Scrum enables the creation of self‐organizing teams by encouraging verbal communication across all team members and across all disciplines that are involved in the project. A key principle of scrum is its recognition that fundamentally empirical challenges cannot be addressed successfully in a traditional “process control” manner. As such, scrum adopts an empirical approach—accepting that the problem cannot be fully understood or defined, focusing instead on maximizing the team’s ability to respond in an agile manner to emerging challenges.

By bringing together business people, developers, customers’ representatives, and other concerned parties in a disciplined, face‐to‐face encounter, Agile methodology was intended to simultaneously increase efficiency and improve quality.

After a year of applying Agile, Skinner asked his engineers to evaluate the effort. “Wonderful,” said some, “what’s new?” asked others, and “this is a definite step in the wrong direction,” complained a few. Skinner remained unsure about whether to continue with the Agile methodology or look for a new approach to software development.

Endnotes

  1. 1. Information in this case is based on Jon N. Meliones, Richard Ballard, Richard Liekweg, and William Burton, “No Mission No Margin: It’s That Simple,” Journal of Health Care Finance 27 (Spring 2001); Jon Meliones, “Saving Money, Saving Lives,” Harvard Business Review (Nov.–Dec. 2000); and ITWeek.com (Jan. 1, 2001).
  2. 2. Robert S. Kaplan and David P. Norton, “Trans‐forming the Balanced Scorecard from Performance Measurement to Strategic Management: Part I,” Accounting Horizons 15 (Mar. 2001), p. 87; Robert S. Kaplan and David P. Norton, “Using the Balanced Scorecard as a Strategic Management System,” Harvard Business Review (Jan.–Feb. 1996), p. 3; Robert S. Kaplan and David P. Norton, Integrating Shareholder Value and Activity‐Based Costing with the Balanced Scorecard In Context (Boston, MA: Harvard Business School Publishing, 2001), p. 4.
  3. 3. These essays and others are collected in Kurt Lewin, Field Theory in Social Science: Selected Theoretical Papers (New York: Harper & Row, 1951).
  4. 4. Ibid., p. 226.
  5. 5. Emily Thornton, “A New Order at Nissan,” Business Week (Oct. 11, 1999), p. 54.
  6. 6. Lewin, Field Theory in Social Science, p. 229.
  7. 7. Ibid, p. 231.
  8. 8. Critiques of Lewin’s theories can be found in Ralph Stacey, “Management and the Science of Complexity: If Organizational Life Is Non‐linear, Can Business Strategies Prevail?” Research and Technology Management 39 (1996), pp. 2–5; Wanda J. Orlikowski and Debra Hofman, “An Improvisational Model for Change Management: The Case of Groupware Technologies,” Sloan Management Review 38 (Winter 1997), pp. 11–21; Alexander Styhre, “Non‐linear Change in Organizations: Organization Change Management Informed by Complexity Theory,” Leadership and Organization Development Journal 23 (2002), pp. 343–351.
  9. 9. Based, in part, on Michael Beer and Bert Spector, “Human Resource Management: The Integration of Industrial Relations and Organization Development,” in Kendrith M. Rowland and Gerald R. Ferris, eds., Research in Personnel and Human Resources Management: A Research Annual, Vol. 2 (Greenwich, CT: JAI Press, 1984), pp. 261–297.
  10. 10. That perspective on conflict is fully explored in Richard E. Walton, Interpersonal Peacemaking: Confrontations and Third‐Party Consultation (Reading, MA: Addison‐Wesley, 1969).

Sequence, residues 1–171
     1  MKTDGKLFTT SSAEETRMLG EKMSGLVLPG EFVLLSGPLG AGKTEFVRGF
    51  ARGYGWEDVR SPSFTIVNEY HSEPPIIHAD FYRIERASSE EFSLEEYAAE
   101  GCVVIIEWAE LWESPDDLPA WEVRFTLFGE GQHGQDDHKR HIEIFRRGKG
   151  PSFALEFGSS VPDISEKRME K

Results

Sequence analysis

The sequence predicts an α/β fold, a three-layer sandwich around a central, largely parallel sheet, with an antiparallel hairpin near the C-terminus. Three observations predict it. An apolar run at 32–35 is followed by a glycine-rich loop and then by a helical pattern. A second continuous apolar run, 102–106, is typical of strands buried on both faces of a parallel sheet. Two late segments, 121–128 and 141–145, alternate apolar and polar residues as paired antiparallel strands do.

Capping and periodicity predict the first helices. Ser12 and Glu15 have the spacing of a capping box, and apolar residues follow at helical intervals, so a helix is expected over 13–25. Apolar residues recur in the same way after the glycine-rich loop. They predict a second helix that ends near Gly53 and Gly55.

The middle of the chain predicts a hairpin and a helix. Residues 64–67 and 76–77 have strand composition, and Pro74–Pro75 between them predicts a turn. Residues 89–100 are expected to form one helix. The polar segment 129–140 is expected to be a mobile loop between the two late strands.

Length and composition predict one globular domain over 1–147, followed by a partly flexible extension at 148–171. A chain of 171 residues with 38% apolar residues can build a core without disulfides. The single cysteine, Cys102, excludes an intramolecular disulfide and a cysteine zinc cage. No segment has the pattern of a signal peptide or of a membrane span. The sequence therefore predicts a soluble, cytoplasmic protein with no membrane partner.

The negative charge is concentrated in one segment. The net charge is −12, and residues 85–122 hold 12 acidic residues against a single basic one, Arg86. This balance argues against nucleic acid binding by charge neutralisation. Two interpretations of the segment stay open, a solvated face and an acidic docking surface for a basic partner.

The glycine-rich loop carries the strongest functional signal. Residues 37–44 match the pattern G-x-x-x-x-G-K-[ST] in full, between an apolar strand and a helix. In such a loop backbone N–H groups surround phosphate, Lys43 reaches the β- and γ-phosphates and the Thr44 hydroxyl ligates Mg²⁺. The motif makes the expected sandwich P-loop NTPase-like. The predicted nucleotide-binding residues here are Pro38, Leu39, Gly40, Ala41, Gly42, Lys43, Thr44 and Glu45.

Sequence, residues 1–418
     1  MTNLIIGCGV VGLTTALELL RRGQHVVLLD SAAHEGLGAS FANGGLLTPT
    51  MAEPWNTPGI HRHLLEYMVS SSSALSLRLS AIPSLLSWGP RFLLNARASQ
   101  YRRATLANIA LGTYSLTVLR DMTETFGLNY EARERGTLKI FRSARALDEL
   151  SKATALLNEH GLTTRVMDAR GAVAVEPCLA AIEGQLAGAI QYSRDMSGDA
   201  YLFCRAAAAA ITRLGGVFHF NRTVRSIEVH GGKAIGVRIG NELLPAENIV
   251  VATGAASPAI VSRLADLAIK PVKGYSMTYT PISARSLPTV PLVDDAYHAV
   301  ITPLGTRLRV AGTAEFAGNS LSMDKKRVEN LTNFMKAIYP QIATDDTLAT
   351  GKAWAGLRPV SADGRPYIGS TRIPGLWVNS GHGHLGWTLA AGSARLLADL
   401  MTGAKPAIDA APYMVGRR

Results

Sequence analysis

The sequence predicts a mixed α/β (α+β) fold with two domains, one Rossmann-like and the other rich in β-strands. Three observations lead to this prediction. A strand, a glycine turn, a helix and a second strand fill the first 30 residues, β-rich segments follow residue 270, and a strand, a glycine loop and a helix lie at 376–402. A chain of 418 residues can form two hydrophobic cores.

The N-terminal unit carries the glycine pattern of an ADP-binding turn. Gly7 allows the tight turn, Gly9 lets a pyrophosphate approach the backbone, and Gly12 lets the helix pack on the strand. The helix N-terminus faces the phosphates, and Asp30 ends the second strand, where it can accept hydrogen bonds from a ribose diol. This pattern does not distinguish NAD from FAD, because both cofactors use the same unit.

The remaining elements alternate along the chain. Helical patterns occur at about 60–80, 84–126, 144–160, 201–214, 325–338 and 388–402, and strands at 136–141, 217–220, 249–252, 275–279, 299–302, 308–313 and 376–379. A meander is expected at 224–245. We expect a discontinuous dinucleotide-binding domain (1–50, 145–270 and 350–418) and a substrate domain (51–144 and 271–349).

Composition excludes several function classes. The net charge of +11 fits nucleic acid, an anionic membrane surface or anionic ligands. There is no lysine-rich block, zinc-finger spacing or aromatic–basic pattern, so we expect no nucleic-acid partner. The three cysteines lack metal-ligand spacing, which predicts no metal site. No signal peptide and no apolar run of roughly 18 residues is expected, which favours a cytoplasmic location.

11. 11. Kenneth W. Thomas, “Conflict and Conflict Management,” in Marvin D. Dunnette, ed., Handbook of Industrial and Organizational Psychology (Chicago, IL: Rand McNally, 1976), pp. 889–935.
  12. 12. Michael Beer and Bert Spector, “Organizational Diagnosis: Its Role in Organizational Learning,” Journal of Counselling and Development 71 (1993), pp. 642–650.
  13. 13. On the importance of process‐driven change, see Beer, Eisenstat, and Spector, The Critical Path to Corporate Renewal; Richard P. Rumselt, “How Much Does Industry Matter?” Strategic Management Journal 12 (1991), pp. 167–185; Robert Macintosh and Donald MacLean, “Conditioned Emergence: A Dissipative Structures Approach to Transformation,” Strategic Management Journal 20 (1999), pp. 297–316; Richard H. Axelrod, Changing the Way We Change Organizations (San Francisco: Berrett‐Koehler, 2000); L.C. Harris and E. Ogbonna, “The Unintended Consequences of Culture Interventions: A Study of Unexpected Outcomes,” British Journal of Management 12 (2002), pp. 31–49.
  14. 14. Bert Spector, “From Bogged Down to Fired Up: Inspiring Organizational Change,” Sloan Management Review 30 (Summer 1989), pp. 29–34.
  15. 15. Beer, Eisenstat, and Spector, The Critical Path to Corporate Renewal, p. 40.
  16. 16. Ibid., pp. 45–46.
  17. 17. This case is detailed in Beer, Eisenstat, and Spector, The Critical Path to Corporate Renewal.
  18. 18. Ibid., p. 52.
  19. 19. Robert H. Schaffer and Harvey A. Thomson, “Successful Change Programs Begin with Results,” Harvard Business Review (Jan.–Feb. 1992), p. 83.
  20. 20. The framework presented here builds on one presented earlier, in Beer, Eisenstat, and Spector, The Critical Path to Corporate Renewal.
  21. 21. Meliones, Saving Money, Saving Lives, pp. 59–60.
  22. 22. James C. Collins, Good to Great: Why Some Companies Make the Leap and Others Don’t (New York: Harper Business, 2001).
  23. 23. Meliones is quoted in ITWeek.com (Jan. 1, 2001), p. 1.
  24. 24. The concept of mutual engagement is developed in José Santos, Bert Spector, and Ludo van‐der‐Hayden, “Toward a Theory of Corporate Business Model Innovation,” Northeastern University College of Business Administration Working Paper, (2008).